Park was al­ways go­ing to be a big part of Mar­quee broad­casts; now its role will be even more prom­i­nent

Chicago Sun-Times - - SPORTS - JEFF AGREST ja­grest@sun­times.com | @jef­freya22

Mar­quee Sports Net­work gen­eral man­ager Mike McCarthy chuck­led at his own ques­tion.

“Did you no­tice that we put the at­ten­dance up last night?” he asked in ref­er­ence to the MSN broad­cast of the Cubs’ scrim­mage Tues­day at Wrigley Field.

In­deed, the win­ning num­ber for the Guess the At­ten­dance game was 186 — a far cry from the roughly 41,000 the ball­park can hold.

There’s noth­ing wrong with a lit­tle lev­ity dur­ing a pan­demic. The coro­n­avirus likely will keep sta­di­ums fan-free for the short­ened 2020 sea­son, but that doesn’t mean there can’t be fun at the old ball­park. And for­get all those va­cant seats. As Mar­quee pre­pares to broad­cast its first Open­ing Day at Wrigley Field next Fri­day, McCarthy said air­ing games with­out fans will only en­hance the ball­park’s ap­pear­ance.

“This sounds like I’m try­ing to write like John Stein­beck or some­thing, but I think it’s more beau­ti­ful when it’s empty,” McCarthy said. “I’ve gone in there with peo­ple that have never been in there, and if you’re go­ing in on a Tues­day morn­ing, and there’s a cou­ple of guys mow­ing the lawn, and that’s it, I’ve seen peo­ple break down be­cause you feel like you’re go­ing back in time.”

To be sure, McCarthy would rather have fans in the stands to give Wrigley the en­ergy it’s known for. And be­fore the coro­n­avirus de­layed the fledg­ling net­work’s reg­u­larsea­son de­but, the plan was al­ways to make the ball­park a co-star of the broad­cast. McCarthy said that can be done even bet­ter by putting ro­botic cam­eras in places where they would have oth­er­wise ob­structed fans’ views.

“Do we wish we didn’t have this sit­u­a­tion? Of course,” he said. “But there are so many things we can do in the fan­less en­vi­ron­ment — microphone­s, cam­eras be­ing mounted — to bring per­spec­tives to Wrigley that peo­ple haven’t seen be­fore. I think it’s go­ing to be re­mark­able.”

But first and fore­most, it has to be safe.

The ro­botic cam­eras can be mounted hours be­fore any­one else en­ters the sta­dium and op­er­ated from out­side. MSN em­ploy­ees are tested for COVID-19 ev­ery day. The net­work in­stalled plex­i­glass be­tween work­sta­tions at its stu­dio across Wave­land Av­enue.

Play-by-play voice Len Kasper and an­a­lyst Jim De­shaies have am­ple space be­tween them in the booth. Field re­porter Tay­lor McGre­gor will work from sev­eral rows back in the stands and con­duct in­ter­views re­motely. The Cubs and Mar­quee are dis­cussing how

to han­dle ac­cess to play­ers.

Cole Wright will host the pregame and postgame shows from the MSN stu­dio, which will make its de­but be­fore the opener. It re­mains to be seen if he’ll be joined on the set. At the Cubs Con­ven­tion, Mar­quee in­tro­duced a cadre of con­trib­u­tors. But given the pan­demic, they’ll most likely work re­motely.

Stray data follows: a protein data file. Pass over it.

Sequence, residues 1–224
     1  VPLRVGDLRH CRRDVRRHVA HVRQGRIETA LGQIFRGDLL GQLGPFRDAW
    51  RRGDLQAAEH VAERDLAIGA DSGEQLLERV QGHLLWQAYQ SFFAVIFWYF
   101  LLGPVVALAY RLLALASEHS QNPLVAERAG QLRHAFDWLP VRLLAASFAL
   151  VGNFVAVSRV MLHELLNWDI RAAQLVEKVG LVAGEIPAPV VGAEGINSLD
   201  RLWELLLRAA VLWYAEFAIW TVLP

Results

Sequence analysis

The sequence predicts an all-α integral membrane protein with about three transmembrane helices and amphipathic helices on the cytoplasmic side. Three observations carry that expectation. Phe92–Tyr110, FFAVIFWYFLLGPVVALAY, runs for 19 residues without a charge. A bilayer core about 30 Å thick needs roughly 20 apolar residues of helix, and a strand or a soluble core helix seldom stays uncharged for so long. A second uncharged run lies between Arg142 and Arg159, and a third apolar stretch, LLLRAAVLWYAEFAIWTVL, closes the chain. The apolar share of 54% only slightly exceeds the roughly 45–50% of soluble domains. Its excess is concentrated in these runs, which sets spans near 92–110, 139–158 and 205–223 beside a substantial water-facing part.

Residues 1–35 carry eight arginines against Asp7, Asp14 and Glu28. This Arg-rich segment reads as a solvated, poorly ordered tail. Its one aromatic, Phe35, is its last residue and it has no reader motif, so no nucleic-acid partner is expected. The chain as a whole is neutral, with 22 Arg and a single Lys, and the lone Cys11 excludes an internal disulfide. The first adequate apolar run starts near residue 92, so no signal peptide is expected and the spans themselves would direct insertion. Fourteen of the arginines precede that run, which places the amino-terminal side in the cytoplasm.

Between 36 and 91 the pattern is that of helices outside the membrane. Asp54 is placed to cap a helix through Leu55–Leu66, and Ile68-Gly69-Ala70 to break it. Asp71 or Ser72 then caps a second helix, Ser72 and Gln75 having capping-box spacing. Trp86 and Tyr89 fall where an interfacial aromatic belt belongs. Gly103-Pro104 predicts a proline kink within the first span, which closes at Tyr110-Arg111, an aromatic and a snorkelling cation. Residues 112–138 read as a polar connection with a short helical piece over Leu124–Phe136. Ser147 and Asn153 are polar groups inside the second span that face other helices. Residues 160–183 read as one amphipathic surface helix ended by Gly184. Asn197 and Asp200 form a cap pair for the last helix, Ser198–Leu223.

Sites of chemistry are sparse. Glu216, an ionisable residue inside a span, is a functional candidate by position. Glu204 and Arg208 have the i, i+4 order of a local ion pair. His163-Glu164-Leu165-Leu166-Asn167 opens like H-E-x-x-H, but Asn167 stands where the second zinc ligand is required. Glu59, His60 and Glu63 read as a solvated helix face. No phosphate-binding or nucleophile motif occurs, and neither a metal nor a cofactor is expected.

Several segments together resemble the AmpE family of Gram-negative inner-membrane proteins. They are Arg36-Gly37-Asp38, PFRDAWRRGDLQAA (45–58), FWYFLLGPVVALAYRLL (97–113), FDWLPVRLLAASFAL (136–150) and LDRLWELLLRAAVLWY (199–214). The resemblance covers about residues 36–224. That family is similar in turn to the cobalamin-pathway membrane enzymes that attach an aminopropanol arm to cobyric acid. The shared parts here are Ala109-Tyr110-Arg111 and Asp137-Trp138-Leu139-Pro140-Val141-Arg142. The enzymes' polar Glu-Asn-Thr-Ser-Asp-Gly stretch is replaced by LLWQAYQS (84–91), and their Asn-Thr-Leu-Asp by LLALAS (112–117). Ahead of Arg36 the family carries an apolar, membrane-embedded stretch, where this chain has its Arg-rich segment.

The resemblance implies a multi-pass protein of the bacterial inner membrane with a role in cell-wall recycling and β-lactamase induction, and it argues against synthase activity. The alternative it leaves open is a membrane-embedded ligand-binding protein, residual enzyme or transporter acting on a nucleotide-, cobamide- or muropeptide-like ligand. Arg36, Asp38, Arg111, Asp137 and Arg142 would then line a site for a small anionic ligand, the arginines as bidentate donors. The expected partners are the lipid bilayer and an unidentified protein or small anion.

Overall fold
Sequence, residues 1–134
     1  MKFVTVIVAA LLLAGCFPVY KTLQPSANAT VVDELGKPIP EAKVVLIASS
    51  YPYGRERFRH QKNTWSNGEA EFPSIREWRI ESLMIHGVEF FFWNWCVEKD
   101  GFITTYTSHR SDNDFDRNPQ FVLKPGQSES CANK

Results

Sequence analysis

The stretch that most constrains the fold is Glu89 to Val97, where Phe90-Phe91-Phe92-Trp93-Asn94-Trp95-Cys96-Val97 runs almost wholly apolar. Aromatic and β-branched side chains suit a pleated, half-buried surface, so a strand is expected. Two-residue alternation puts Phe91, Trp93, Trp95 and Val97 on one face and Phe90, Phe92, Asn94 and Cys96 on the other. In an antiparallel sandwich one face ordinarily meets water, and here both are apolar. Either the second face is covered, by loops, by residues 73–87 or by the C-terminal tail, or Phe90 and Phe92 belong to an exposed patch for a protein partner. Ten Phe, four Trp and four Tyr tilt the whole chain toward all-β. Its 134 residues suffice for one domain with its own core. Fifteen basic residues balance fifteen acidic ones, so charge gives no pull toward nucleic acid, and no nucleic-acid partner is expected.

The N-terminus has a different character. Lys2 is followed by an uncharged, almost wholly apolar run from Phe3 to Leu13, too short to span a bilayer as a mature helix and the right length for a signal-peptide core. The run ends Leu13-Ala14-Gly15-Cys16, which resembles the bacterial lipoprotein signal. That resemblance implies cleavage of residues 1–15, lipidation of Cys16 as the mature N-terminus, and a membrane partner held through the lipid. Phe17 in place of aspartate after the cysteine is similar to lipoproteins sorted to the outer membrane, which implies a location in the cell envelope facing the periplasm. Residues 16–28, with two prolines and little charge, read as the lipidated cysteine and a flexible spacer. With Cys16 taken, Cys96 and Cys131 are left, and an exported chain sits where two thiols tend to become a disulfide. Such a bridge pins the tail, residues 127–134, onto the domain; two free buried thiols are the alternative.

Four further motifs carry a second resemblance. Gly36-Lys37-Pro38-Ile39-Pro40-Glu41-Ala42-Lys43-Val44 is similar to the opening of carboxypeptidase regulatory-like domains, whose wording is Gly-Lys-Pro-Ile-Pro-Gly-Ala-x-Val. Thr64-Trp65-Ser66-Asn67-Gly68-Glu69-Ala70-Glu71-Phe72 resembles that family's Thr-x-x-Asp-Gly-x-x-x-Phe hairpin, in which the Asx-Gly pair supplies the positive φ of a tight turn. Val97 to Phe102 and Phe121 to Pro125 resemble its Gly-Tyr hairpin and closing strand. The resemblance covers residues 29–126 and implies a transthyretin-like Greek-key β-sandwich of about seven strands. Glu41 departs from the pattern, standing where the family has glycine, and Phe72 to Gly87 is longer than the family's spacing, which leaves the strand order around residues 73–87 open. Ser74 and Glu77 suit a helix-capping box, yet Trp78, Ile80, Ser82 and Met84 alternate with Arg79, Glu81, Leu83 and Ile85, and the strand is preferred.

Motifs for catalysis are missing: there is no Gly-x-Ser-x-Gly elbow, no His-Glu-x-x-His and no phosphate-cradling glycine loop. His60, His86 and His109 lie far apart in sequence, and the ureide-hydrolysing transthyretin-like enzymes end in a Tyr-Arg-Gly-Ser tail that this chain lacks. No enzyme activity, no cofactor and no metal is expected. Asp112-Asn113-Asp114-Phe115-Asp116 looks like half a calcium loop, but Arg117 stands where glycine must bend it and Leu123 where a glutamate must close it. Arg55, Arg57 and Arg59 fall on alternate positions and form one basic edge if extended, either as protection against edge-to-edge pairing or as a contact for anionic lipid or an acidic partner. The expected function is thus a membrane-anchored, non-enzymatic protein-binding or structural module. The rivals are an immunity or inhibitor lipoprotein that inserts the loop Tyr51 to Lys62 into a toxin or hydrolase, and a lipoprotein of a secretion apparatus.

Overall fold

“It turns out some of them are in hot states, like Ari­zona, where Mark Grace lives,” McCarthy said. “We’re not likely to get him on a plane any­time soon. As I said, we’re go­ing to lead with safety. If some­body ap­pears on a lap­top in­stead of sit­ting next to Cole in the stu­dio, that’s a very small con­ces­sion to make in the en­vi­ron­ment we’re in.”

That en­vi­ron­ment also in­cludes ar­ti­fi­cial sound. Mar­quee is work­ing closely with the Cubs to make the au­dio com­ing from the Wrigley speak­ers as nat­u­ral as pos­si­ble, and they’ll con­tinue ad­just­ing as they go. They’ve run the gamut from the mur­mur of a crowd to an all-out “Javy!” chant for Javy Baez.

“It’s prob­a­bly go­ing to take a lit­tle time for peo­ple to get used to it,” McCarthy said. “I watch a lot of sports, ob­vi­ously. When I first heard the canned au­dio on soc­cer, it gave me a lit­tle bit of trep­i­da­tion. And then 20 min­utes in, I for­got about it.

“The big­gest con­cern in a fan­less en­vi­ron­ment, and noth­ing is close, is: Are you pick­ing up col­or­ful things that aren’t meant for air? Our man­date is, we’re not go­ing to have that. Every­body’s mindful of it.”

That’s prob­a­bly a re­lief to the vis­it­ing team’s TV crew, which will use the home team’s feed for its broad­casts. But McCarthy said the vis­i­tors will have com­plete con­trol of one cam­era. Oth­er­wise, what you see com­ing out of Wrigley is what the op­po­si­tion’s fans will see.

But only Mar­quee view­ers will see what the net­work has lined up for Open­ing Day. It be­gins with a two-hour pregame show start­ing at 4 p.m. (look for Bill Mur­ray to pop in), fol­lowed by Brew­ers-Cubs at 6:10. Af­ter the postgame show, Ed­die Ved­der will be the guest on for­mer Cub Ryan Demp­ster’s weekly talk show, “Off the Mound.”

It beats an­other round of clas­sic games, which car­ried Mar­quee’s Cubs con­tent dur­ing base­ball’s shut­down. The net­work also de­vel­oped al­ter­na­tive pro­gram­ming that will re­main, such as Chris My­ers’ “Play at Home Trivia” show. But Mar­quee was cre­ated to carry live games, and those fi­nally start for real next Fri­day.

“I think the way this group an­swered that call [dur­ing the shut­down], not only did we stay rel­e­vant for a nice chunk of time there, but we learned a lot about our­selves, and we got through a lot of grow­ing pains,” McCarthy said. “I think we’re all go­ing to be bet­ter for it once our sea­son starts next week.”


Len Kasper (left) and Jim De­shaies have am­ple space be­tween each other in the booth.

Newspapers in English

Newspapers from USA

© PressReader. All rights reserved.